73. Johnican Practiced Political Art of Coalition -

Minerva Johnican practiced the art of the coalition in a political career that spanned more than 40 years.

The former Shelby County Commissioner, Memphis City Council member and Criminal Court Clerk Minerva died Friday, March 8, at Methodist University Hospital at the age of 74.

74. Sales Tax Hike Headed to Ballot -

Memphis City Council members take final votes Tuesday, March 5, on a half-percent city sales tax hike referendum and the use of the estimated $47 million in revenue the tax hike will produce.

The council, which meets at 3:30 p.m. at City Hall, 125 N. Main St., is expected to pass the referendum and send it to voters this year.

75. Late Judge Higgs Changed Local Politics -

Funeral services for Shelby County Criminal Court Judge and Memphis mayoral contender Otis Higgs were pending and being planned Monday, Feb. 18, just days after his unexpected death.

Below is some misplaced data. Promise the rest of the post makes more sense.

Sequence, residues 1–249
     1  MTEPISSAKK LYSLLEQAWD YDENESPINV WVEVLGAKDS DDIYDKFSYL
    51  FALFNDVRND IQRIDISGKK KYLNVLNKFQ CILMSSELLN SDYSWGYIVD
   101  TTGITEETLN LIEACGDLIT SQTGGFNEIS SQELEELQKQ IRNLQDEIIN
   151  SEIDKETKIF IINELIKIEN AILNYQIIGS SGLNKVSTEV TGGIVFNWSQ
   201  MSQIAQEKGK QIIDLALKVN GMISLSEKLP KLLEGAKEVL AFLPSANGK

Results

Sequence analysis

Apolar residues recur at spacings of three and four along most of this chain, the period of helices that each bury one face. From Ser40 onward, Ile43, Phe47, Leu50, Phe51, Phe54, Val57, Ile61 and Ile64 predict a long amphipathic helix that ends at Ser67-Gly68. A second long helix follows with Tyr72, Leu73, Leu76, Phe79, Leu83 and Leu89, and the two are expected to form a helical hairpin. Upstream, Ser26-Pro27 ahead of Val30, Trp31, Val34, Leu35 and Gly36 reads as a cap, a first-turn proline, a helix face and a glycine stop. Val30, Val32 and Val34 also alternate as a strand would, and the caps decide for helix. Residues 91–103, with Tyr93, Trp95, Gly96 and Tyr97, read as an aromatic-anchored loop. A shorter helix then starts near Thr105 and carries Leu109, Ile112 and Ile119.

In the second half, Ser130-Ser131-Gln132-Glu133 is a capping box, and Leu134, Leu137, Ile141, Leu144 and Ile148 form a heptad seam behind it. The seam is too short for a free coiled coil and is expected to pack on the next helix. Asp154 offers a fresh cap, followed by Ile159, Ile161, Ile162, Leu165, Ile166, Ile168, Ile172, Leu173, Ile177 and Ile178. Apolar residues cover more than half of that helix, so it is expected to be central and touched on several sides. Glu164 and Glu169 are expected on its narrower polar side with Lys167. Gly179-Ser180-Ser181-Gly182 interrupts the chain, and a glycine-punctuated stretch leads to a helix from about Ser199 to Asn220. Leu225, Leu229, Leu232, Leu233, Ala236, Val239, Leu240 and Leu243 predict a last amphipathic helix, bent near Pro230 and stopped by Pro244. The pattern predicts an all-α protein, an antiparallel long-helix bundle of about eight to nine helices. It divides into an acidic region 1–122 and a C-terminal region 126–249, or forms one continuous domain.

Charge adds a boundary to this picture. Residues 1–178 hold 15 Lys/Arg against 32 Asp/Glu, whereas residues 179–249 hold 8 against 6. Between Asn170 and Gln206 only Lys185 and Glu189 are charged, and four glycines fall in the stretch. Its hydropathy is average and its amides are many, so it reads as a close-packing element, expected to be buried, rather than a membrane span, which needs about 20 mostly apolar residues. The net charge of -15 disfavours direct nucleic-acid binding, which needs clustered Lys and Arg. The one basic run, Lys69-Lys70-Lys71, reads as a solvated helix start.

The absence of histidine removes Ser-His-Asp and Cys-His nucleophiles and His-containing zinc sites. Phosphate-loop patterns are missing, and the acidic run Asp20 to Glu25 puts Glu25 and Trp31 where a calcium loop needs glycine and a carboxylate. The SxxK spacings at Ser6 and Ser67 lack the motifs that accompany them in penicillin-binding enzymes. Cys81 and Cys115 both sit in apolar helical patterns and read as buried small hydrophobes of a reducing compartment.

76. Council to Hear Fairgrounds Update -

Memphis City Council members get a look Tuesday, Feb. 19, at the latest plan for renovation of the Mid-South Fairgrounds.

The city administration presents its plan at the 1:45 p.m. council executive session.

77. Judge and Mayoral Contender Otis Higgs Dies -

Shelby County Criminal Court Judge W. Otis Higgs, whose two bids to become Memphis Mayor in the 1970s were important chapters in the city’s political and racial history, died Friday, Feb. 15, at the age of 75.

78. Reardon Cautions Downtowners About Heritage Trail -

The University of Memphis professor spearheading the opposition of demolishing the city’s last remaining public housing project in the Vance Avenue neighborhood says that while the Heritage Trail Community Redevelopment Plan appears to be on “indefinite hold,” it is not dead, and Downtowners should beware.